US visitor warns against ‘lukewarmness’

Moral relativism and “lukewarmness” have allowed the culture of death to take hold in modern society, according to a North American visitor to New Zealand.
EWTN programme host Raymond de Souza said Catholics need to study their faith more deeply so they can stand up against moral relativism and live more passionately according to their faith. He spoke at the St Joseph Church hall in Takapuna on March 3 about how we can respond to the culture of death. The talk was supported by Family Life International.
Quoting Pope Benedict XVI, Mr de Souza said there is a dictatorship of relativism.
“People would tell us, ‘You are against abortion? Fine, be against abortion, but don’t impose your morals on me,’” he said.
“When people challenge us, we get stuck. We don’t know what to say because we give in to the idea that morals are relative. Once we give in to relativism, the final result is the destruction of the family.”
He said there is a dechristianisation of society where economics, politics and laws are devoid of God. “When there are people in Europe paid to burn harvested crops to keep prices
up [we have], economics without God,” he said.
He said the culture of death includes contraception, abortion and euthanasia.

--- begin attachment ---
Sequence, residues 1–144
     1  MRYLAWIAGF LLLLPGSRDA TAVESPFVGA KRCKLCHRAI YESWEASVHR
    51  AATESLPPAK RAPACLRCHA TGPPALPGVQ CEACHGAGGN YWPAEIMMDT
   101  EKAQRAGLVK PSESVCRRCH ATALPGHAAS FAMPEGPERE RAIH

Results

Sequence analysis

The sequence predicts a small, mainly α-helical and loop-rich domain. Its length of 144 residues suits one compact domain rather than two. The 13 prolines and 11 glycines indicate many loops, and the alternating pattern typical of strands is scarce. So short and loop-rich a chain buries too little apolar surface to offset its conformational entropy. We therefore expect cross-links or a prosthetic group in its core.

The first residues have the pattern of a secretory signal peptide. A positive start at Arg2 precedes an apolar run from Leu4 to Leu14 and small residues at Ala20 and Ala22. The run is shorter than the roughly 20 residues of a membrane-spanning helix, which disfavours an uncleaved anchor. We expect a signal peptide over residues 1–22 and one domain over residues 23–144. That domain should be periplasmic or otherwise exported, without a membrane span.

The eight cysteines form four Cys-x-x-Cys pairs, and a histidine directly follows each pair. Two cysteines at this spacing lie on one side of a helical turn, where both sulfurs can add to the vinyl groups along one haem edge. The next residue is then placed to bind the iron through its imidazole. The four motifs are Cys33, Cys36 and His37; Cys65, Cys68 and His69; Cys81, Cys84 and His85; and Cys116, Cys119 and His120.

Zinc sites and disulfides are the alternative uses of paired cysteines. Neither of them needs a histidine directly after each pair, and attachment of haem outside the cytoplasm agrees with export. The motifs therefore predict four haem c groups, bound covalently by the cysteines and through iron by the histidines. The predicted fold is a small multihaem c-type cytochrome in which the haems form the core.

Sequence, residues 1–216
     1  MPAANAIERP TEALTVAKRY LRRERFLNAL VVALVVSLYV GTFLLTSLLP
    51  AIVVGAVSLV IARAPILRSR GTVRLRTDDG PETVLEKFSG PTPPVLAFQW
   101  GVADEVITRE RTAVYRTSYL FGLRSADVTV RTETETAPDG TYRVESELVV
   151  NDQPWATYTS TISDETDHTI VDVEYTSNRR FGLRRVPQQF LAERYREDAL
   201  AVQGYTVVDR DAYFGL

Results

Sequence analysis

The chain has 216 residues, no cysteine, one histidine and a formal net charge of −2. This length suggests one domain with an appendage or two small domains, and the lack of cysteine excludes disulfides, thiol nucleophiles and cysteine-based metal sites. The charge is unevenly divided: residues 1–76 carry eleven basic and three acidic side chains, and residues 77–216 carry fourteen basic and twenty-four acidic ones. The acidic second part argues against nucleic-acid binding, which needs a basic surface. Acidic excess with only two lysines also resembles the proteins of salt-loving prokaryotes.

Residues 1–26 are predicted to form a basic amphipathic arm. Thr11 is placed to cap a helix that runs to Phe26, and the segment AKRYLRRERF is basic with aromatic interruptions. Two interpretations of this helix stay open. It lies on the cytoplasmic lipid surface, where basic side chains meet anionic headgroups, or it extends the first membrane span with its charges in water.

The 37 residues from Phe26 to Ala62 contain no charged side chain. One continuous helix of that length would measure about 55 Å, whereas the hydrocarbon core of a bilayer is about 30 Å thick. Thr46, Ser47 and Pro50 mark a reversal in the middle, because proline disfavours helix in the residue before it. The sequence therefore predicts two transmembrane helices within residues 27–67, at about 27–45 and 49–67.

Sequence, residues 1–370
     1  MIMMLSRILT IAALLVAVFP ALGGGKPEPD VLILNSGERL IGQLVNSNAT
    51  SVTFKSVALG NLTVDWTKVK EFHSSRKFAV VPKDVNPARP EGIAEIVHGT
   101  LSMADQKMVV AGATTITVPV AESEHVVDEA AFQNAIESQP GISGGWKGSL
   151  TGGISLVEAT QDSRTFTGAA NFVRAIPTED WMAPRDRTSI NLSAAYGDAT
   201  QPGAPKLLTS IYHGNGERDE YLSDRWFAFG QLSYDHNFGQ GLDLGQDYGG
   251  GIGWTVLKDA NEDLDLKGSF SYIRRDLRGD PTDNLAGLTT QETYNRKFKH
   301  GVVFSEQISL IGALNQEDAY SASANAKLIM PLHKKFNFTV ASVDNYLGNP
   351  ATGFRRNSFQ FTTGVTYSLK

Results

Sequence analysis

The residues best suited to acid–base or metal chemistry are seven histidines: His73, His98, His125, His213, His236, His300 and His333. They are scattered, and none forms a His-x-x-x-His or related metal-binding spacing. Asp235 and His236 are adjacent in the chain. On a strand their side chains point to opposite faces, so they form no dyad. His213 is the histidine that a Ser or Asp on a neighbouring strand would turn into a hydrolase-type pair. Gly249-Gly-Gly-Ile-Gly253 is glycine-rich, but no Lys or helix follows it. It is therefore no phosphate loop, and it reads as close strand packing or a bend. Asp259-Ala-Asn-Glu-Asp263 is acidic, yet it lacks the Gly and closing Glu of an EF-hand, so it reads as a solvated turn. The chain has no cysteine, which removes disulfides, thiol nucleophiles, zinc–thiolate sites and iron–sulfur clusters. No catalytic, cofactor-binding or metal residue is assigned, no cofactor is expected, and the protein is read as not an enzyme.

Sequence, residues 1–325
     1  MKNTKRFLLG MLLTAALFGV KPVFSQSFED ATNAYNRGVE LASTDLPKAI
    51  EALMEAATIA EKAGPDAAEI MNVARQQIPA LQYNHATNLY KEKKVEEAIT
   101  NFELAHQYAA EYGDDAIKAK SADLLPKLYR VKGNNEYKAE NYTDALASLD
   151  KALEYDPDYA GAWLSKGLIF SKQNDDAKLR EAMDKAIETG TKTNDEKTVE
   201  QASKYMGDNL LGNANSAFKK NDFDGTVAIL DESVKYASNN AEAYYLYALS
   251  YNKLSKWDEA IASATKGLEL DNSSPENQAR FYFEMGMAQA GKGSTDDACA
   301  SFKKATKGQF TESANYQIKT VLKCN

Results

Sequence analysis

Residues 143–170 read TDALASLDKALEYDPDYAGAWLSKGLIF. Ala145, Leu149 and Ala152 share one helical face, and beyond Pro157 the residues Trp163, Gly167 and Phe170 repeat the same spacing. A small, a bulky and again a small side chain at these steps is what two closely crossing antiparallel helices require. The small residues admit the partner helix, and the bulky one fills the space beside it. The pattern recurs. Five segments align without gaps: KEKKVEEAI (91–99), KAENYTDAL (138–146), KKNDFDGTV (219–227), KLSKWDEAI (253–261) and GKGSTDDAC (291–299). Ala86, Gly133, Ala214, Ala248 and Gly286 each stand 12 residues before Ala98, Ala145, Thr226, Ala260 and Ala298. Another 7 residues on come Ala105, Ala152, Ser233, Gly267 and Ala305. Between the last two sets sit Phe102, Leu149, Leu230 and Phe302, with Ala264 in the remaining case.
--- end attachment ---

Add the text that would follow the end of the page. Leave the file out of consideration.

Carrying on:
Contraception allows people all the sexual freedom they want without the burden of children. “There was a time when children were considered blessings,” he said.
He said abortion then became a backup plan when contraceptives fail.
Euthanasia, Mr de Souza said, is a false sense of mercy that is gaining traction in the United States and other parts of the world.
In an increasingly dechristianised world where morality is relative, Mr de Souza said the faithful need to step up and stand for what they believe in.
“Our problem is our lukewarmness. Our love for God has gone cold,” he said. “Lukewarmness
is abhorrent to Jesus.”
To counter the culture of death, Mr de Souza said Catholics need to pray, study and act.
“Pray. Discover a devotion,” he said. He suggested the Holy Hour, devotion to the Sacred Heart of Jesus and a devotion to St Michael the Archangel. He also strongly advocated
praying the rosary.
Mr de Souza said there is a “sacred intimacy” in spending an hour before the Blessed
Sacrament. “We must find time to pray, because our nation is falling apart,” he said.
Mr de Souza said Catholics must also discover the art of studying.
“How can I explain the Catholic faith if I don’t know it?” he said.
The last, he said, is action. He encouraged those present to join the 40 Days of Life movement and pray outside abortion clinics. He also encouraged them to join other organisations that support life.

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Rowena Orejana

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